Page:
The first of this week’s late summer sizzlers is Race the Night, the eighth studio album from Ash, which comes 29 years, 18 hit singles, seven studio albums and an unfathomable number of tour dates since their appearance on the 1994 Crazed and Confused compilation. Race the Night is both a party with old friends and a message to leap into the present with arms wide open. Frontman Tim Wheeler comments: “Race the Night is the sound of the band revelling in the sheer joy of being a band after being separated by time and distance through the insanity of the early 2020s. Lyrically it’s all about seizing the crossroads moments in life with both hands. Take every chance as if it could be your last.”
The new, self-titled album from Grammy-winning duo Brothers Osborne features 11 new tracks including the current Top-20 hit ‘Nobody’s Nobody’. John Osborne of the band shared: “As musicians, we’re constantly evolving and pushing ourselves to new heights. On our fourth album we’ve teamed up with a new producer, Mike Elizondo, and embraced his approach to our sound and story. Our expectations were already high and he absolutely shattered them. It’s exciting to see where this journey will take us and we can’t wait to share this sound with everyone. Life and art are about growth and taking risks, and we’re ready to take on the challenge.”
Corinne Bailey Rae performed at the Black Artists Retreat at the Stoney Island Arts Bank in Chicago in 2017, and the subjects of Black Rainbows are drawn from encounters with objects in the Arts Bank. Taking us from the rock-hewn churches of Ethiopia to the journeys westward of black pioneers, from Miss New York Transit Queen 1957 to how the sunset appears from Harriet Jacobs’ loophole, Black Rainbows explores black femininity, spell work, inner space/outer space, time collapse and ancestors, the erasure of black childhood and music as a vessel for transcendence.
End, the enigmatic seventh album by Explosions In The Sky, was inspired by darkness but became a loud, dramatic, wild rumination on life and death. “Our starting point was the concept of an ending – death, or the end of a friendship or relationship,” says the band about the album. “Every song comes from a story, or an idea one of us has had that we’ve all expanded on and made its own world. Maybe it’s our nature, but we kept feeling that the album title was ultimately open to a lot more interpretation – the end of a thing or a time can mean a stop, but it can also mean a beginning, and what happens after one thing ends might pale in comparison to what it becomes next.” End is perhaps the ‘grandest’ Explosions in the Sky album – melding the quiet restraint and crushing feel of their early work with the sonic texturing and ornate experimentation of their more recent releases and their increasing catalogue of film and television scores, influenced by personal tastes stretching from classical to soul to experimental ambient music.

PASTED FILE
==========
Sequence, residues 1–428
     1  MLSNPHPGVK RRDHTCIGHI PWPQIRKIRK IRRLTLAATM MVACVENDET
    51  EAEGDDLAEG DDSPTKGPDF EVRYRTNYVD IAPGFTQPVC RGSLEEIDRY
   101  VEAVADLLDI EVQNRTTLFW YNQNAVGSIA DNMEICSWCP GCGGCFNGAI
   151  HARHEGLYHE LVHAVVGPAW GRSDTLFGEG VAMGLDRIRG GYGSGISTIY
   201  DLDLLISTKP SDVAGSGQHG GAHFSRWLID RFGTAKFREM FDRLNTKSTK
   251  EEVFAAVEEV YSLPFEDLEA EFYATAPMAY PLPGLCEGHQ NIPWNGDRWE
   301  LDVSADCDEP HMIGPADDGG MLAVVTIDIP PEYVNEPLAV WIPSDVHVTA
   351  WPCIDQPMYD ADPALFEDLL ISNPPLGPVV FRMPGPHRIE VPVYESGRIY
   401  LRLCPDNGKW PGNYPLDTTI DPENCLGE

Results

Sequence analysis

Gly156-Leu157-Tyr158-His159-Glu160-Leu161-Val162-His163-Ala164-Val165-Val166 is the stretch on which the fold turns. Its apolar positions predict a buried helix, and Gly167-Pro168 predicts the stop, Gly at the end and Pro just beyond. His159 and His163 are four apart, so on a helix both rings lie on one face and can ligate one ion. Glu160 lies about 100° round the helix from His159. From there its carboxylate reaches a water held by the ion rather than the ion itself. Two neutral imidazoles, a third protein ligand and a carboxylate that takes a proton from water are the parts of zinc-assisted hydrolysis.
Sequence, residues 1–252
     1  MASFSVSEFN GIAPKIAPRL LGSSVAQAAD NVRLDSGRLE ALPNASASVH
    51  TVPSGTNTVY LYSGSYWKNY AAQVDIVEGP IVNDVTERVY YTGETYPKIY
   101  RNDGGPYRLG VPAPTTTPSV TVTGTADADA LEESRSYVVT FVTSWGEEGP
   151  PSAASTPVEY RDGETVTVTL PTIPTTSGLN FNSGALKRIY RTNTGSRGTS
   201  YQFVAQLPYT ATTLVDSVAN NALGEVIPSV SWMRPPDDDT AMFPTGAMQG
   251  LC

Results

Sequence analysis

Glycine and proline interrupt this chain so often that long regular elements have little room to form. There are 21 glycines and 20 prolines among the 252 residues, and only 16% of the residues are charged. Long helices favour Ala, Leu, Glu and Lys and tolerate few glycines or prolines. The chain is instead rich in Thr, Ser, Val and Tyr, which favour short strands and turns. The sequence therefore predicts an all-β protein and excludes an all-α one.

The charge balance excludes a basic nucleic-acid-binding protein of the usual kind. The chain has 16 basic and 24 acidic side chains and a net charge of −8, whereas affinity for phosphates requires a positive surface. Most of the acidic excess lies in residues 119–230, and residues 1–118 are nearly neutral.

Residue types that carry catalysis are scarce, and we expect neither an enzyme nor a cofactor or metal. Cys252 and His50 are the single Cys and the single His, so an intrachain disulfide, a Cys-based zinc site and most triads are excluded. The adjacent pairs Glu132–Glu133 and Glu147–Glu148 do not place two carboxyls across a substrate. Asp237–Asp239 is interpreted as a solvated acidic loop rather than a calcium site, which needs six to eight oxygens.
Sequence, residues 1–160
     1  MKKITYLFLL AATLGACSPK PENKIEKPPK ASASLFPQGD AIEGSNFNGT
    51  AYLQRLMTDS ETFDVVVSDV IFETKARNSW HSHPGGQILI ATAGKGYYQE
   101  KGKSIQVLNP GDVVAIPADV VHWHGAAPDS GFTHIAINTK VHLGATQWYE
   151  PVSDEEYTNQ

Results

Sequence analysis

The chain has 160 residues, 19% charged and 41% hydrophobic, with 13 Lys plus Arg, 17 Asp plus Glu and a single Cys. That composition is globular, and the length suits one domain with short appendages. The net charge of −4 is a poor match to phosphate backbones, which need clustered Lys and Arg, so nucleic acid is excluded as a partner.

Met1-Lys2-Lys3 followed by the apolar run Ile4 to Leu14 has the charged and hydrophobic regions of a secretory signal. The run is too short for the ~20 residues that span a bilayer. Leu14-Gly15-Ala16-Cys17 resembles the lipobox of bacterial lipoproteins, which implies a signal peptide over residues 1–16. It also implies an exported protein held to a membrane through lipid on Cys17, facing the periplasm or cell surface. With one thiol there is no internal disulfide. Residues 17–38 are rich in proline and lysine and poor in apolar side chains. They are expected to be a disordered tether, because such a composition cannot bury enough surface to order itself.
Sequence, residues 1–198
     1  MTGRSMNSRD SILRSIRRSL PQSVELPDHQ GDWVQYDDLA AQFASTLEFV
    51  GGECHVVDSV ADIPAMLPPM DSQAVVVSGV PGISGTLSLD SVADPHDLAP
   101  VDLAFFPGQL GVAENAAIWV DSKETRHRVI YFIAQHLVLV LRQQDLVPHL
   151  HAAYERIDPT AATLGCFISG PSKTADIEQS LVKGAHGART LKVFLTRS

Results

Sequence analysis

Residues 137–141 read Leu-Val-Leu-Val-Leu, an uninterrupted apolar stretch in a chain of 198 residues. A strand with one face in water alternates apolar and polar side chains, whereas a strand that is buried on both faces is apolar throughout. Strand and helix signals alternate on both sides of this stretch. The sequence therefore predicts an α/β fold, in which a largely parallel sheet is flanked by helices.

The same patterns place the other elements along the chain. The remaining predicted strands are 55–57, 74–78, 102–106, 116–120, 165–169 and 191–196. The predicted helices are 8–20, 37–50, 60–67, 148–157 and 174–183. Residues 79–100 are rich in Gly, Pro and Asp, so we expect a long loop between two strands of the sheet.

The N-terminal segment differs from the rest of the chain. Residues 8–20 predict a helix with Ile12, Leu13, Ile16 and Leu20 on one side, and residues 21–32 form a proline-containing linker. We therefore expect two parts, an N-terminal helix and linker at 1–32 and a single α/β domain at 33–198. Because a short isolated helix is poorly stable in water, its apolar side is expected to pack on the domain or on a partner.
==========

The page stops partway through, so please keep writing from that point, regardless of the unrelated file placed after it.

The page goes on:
Mitski’s seventh album, The Land Is Inhospitable and So Are We, feels like a profound act of witnessing America in all of its private sorrows and painful contradictions. The songs – sonically Mitski’s most expansive, epic, and wise yet – seem to be introducing wounds and then actively healing them. Here, love is time-travelling to bless our tender days, like the light from a distant star. The album is full of the ache of the grown-up, seemingly mundane heartbreaks and joys that are often unsung but feel enormous. It’s a tiny epic. Love is that inhospitable land, beckoning us and then rejecting us. To love this place – this earth, this America, this body – takes active work. It might be impossible. The best things are.
Our release of the week is Valley of Heart’s Delight, the second album from Margo Cilker, whose title refers to a place she can’t return: California’s Santa Clara Valley, as it was known before the orchards were paved over and became more famous for silicon than apricots. In this 11-song follow-up to 2021’s critically acclaimed Pohorylle, family and nature intertwine as guiding motifs, at once precious and endangered, beautiful and exhausting.
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